Job’s Reply to Bildad.

JOB’S DEFENSE AGAINST SUSPICION. — Both Eliphaz and Bildad had attempted to fasten upon Job some specific wrong, seeking from him a confession to that effect. He therefore defends himself against this manner of drawing conclusions in his case. V. 1. Then Job answered and said, v. 2. I know it is so of a truth, namely, that God is righteous in all His doing, that He never perverts justice; but how should man, a mortal being, man in his mortality and weakness, be just with God? Even if mortal man should, in his own opinion, be in the right over against God, his own judgment is without value; for no man, as God plainly states. can be just in His sight. V. 3. If he will contend with Him, if mortal man should dare to enter into litigation with the great God, he cannot answer Him one of a thousand; if man’s case were brought to trial, God could and would so quickly embarrass and overwhelm him with questions that he would quickly stand there in mute shame, unable to justify himself in one item. V. 4. He is wise in heart and mighty in strength; those are two outstanding attributes of God. Who hath hardened himself against Him, stiffening his neck in foolish opposition, bidding Him defiance, and hath prospered? With His wisdom the Lord can confuse man, and with His strength He can overcome him; so no mortal can maintain his cause before God. V. 5. Which removeth the mountains and they know not, without their being aware of the fact; which overturneth them in His anger; His wrath strikes them with such sudden fury that they are not even conscious of the change effected by His power until all has been done. V. 6. Which shaketh the earth out of her place, causing not only the mountains, but the entire earth to tremble in mighty earthquakes, and the pillars thereof tremble, its very foundations are rocked and shaken, Ps. 75, 3; Is. 24, 20. V. 7. Which commandeth the sun, and it riseth not, withholding his golden rays from the earth; and sealeth up the stars, setting a seal round about them, veiling them by thick clouds and darkening the night as well as the day, as He chooses. V. 8. Which alone spreadeth out the heavens, like an immense tent, Is. 40, 22, and treadeth upon the waves of the sea, He is their Master; though they rise up in threatening heights, Ps. 107, 26, at His almighty command they must serve Him with meekness. V. 9. Which maketh Arcturus, the constellation of the Great Bear, in the northern part of the sky, Orion, a constellation of the southern sky, and Pleiades, a constellation of the eastern sky, and the chambers of the south, the secret places of the Antarctic sky, for in that direction the endless spaces of the heavens were hidden from the sight of the Arabian astronomers. V. 10. Which doeth great things past finding out, yea, and wonders without number. Job cheerfully agreed with his friend, chap. 5, 9, on the absolute power and the inexpressible majesty of God. The Lord’s great power is put forth not only in the kingdom of nature, but also in His government of man. V. 11. Lo, He goeth by me, and I see Him not; He passeth on also, but I perceive Him not. Though his eyes cannot see the great and mighty God, his spirit perceives His nearness, as He sweeps by like a destructive wind before which no man can stand. V. 12. Behold, He taketh away, snatching away His victim and all the spoil He chooses to take; who can hinder Him, holding Him back from His course, placing hindrances in His way? Who will say unto Him, What doest Thou? This thought of God’s overwhelming and often apparently arbitrary power now prompts Job to speak in an almost defiant manner. V. 13. If God will not withdraw His anger, rather, affirmatively, “He will not cause it to return,” He will not recall it, the proud helpers do stoop under Him, literally, “the helpers of Rahab cringe before Him,” the reference being to a historical or a legendary defeat of some mighty enemies of Jehovah. V. 14. How much less shall I answer Him, namely, than such great and mighty adversaries, and choose out my words to reason with Him? No matter how carefully he might choose his words, attempting to get just the right expression, he could not escape rebuke on the part of God. V. 15. Whom, though I were righteous, even if Job were in the right, free from blame according to standards of right as commonly accepted, yet would I not answer, that is, Job could not answer, but I would make supplication to my Judge, being brought to the humiliating position of beseeching the Judge, who was his adversary, accuser, and judge in one person. V. 16. If I had called, and He had answered me, if Job’s pleading would apparently find favor, yet would I not believe that He had hearkened unto my voice; he feared that God’s infinite exaltation would keep Him from showing such kindness. V. 17. For He breaketh me with a tempest, that is, He would overwhelm Job with a storm, should he attempt such a course, and multiplieth my wounds without cause, in spite of Job’s innocence He would pursue him with calamities. V. 18. He will not suffer me to take my breath, but filleth me with bitterness, this being considered the food with which Job should satisfy his soul. V. 19. If I speak of strength, lo, He is strong, in a trial of strength Job would, of course, not stand a show; and if of judgment, who shall set me a time to plead? If it were a question of right and judgment, the mighty word of God would be thundered at him: Who will cite Me? In either case, there was no hope for weak and mortal man. V. 20. If I justify myself, mine own mouth shall condemn me; even if he were right, the confusion of his speech would condemn him; if I say, I am perfect, innocent, without guilt, it shall also prove me perverse, set him forth as guilty. V. 21. Though I were perfect, yet would I not know my soul, he had reached the point where he no longer knew himself; I would despise my life, it had become a burden to him. He felt so unspeakably wretched that he wished to die. In all this Job forgot that even the breath of an accusation against God as though He were not just and righteous in all His works is an insult to His glorious majesty.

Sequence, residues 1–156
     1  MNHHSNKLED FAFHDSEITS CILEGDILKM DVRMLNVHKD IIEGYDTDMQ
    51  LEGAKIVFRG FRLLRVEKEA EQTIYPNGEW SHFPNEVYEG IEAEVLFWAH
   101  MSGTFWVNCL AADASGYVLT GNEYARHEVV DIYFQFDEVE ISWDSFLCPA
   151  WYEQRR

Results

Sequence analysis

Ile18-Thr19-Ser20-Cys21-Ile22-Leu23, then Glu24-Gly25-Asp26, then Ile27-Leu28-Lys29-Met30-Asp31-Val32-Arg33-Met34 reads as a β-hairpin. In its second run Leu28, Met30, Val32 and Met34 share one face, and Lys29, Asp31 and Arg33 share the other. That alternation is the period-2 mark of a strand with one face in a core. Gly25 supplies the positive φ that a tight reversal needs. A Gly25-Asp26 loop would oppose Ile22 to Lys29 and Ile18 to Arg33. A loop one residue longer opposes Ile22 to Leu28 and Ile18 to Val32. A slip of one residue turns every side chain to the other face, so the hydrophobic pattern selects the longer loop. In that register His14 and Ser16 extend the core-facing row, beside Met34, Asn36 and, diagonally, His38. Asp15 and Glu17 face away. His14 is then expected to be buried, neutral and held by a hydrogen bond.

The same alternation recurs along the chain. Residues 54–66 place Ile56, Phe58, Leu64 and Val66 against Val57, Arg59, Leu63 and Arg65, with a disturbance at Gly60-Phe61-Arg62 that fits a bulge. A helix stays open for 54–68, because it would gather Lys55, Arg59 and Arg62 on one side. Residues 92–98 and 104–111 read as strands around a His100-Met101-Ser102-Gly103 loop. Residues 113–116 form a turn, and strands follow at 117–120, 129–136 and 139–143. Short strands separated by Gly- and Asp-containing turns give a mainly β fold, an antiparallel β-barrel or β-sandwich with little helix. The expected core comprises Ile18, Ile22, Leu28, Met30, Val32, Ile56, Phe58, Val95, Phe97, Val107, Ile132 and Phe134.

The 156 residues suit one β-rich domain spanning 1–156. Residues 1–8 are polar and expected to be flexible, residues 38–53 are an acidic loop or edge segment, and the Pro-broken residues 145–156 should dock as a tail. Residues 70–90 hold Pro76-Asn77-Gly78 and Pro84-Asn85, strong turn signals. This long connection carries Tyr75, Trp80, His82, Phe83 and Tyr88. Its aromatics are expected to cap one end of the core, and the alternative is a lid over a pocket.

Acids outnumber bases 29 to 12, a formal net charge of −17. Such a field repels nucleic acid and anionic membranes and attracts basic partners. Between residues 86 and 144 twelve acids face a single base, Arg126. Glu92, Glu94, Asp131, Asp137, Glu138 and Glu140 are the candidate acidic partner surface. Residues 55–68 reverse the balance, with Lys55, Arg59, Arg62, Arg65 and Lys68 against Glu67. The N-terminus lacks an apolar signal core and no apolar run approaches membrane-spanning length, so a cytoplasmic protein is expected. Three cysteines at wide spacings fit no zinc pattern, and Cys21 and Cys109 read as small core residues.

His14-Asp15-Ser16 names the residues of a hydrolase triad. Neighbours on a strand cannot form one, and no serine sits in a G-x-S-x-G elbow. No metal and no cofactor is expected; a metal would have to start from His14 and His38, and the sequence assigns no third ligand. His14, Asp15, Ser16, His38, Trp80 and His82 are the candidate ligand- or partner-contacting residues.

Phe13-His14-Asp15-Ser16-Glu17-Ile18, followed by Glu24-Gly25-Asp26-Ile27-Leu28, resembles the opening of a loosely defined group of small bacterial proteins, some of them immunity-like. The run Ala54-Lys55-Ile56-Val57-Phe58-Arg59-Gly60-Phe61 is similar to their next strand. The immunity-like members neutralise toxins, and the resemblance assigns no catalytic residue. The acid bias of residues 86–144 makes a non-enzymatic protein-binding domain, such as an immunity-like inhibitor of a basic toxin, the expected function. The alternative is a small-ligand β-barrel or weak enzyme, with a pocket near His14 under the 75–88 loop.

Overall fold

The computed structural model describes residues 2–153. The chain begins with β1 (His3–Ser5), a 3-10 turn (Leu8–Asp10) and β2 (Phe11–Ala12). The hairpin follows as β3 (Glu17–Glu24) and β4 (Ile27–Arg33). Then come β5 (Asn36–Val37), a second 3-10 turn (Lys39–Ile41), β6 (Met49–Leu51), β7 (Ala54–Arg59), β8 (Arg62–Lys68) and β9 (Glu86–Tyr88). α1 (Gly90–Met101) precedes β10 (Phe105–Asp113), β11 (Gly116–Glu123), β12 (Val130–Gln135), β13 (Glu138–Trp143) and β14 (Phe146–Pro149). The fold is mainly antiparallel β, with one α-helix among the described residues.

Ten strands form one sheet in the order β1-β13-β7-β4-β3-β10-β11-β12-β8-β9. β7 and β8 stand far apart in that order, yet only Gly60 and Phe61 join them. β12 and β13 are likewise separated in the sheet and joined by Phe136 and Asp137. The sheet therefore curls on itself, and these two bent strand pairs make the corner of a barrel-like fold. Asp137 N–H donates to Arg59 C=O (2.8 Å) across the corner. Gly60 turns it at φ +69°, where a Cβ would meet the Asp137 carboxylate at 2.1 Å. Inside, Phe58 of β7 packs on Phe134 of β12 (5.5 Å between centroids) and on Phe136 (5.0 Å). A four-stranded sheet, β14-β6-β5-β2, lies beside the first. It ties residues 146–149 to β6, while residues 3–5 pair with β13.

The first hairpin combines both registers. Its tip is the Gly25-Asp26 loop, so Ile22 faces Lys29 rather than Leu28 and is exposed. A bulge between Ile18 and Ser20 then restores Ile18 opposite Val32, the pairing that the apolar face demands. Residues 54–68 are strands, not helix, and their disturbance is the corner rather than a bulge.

JOB INSISTS THAT GOD VISITS ALSO THE RIGHTEOUS WITH AFFLICTION. — V. 22. This is one thing, it is all one, or, it makes no difference whether a person is innocent or guilty; therefore I said it, He destroyeth the perfect and the wicked; this statement Job feels constrained to make against God. V. 23. If the scourge slay suddenly, namely, by means of any calamity, he will laugh at the trial of the innocent, God will mock at the despair of the guiltless, not permitting Himself to be disturbed in the enjoyment of His heavenly bliss. V. 24. The earth is given into the hand of the wicked, this God readily permits; He covereth the faces of the judges thereof, veiling their eyes and permitting them to render wicked decisions, to practice unrighteousness; if not, where and who is He? Who but God could it be that does this! V. 25. Now, my days are swifter than a post, flying away more swiftly than the motion of a courier, or runner; they flee away, they see no good; Job despairs of ever being released of his affliction, he has entirely forgotten his former state of prosperity. V. 26. They are passed away as the swift ships, sweeping past like vessels of bulrush, known for their lightness and swiftness; as the eagle that hasteth to the prey, swooping down upon it with almost incredible speed. Thus Job illustrates the hasty flight of his life. V. 27. If I say, I will forget my complaint, making an attempt to rouse himself from his stupor, I will leave off my heaviness, literarily, “my countenance,” that is, his gloomy and downcast look, and comfort myself, looking cheerful once more. V. 28. I am afraid of all my sorrows, he is once more forced to shudder with pain; I know that Thou wilt not hold me innocent, that God would not declare him guiltless. V. 29. If I be wicked, rather, “I am to be guilty,” declared to be wicked by the decree of God, why, then, labor I in vain? It was a useless endeavor on his part trying to appear innocent; he felt that he was tiring himself out without result. V. 30. If I wash myself with snow-water, which was considered as containing greater cleansing power than ordinary water, and make my hands never so clean, literally, “cleansing my hands with lye,” in an effort to purge away all impurities, v. 31. yet shalt Thou plunge me in the ditch, into a sink or sewer, and mine own clothes shall abhor me. This would happen while he was still naked after his washing and would cause him to become so filthy as to make his own clothes ashamed of him. That is: “Not even the best grounded self-justification can avail him; for God, would still bring it to pass that his clearly proved innocence should change to the most horrible impurity.” (Delitzsch.) V. 32. For He is not a man, as I am, that I should answer Him, standing on the same level with Him before a court of justice, and we should come together in judgment. V. 33. Neither is there any daysman, arbitrator or mediator, betwixt us that might lay his hand upon us both, acting as umpire between God and Job to settle his case; for God was both accuser and judge. V. 34. Let Him take His rod away from me, the scourge and calamity wherewith He was smiting Job, and let not His fear terrify me, stupefying him by His majestic presence; v. 35. then would I speak and not fear Him, namely, with this handicap of overpowering majesty removed; but it is not so with me, in his own person he was not conscious of any reason why he should fear Him. Job’s defense of himself becomes so emphatic that it verges on self-righteous boasting, an act against which every believer must guard with the greatest care.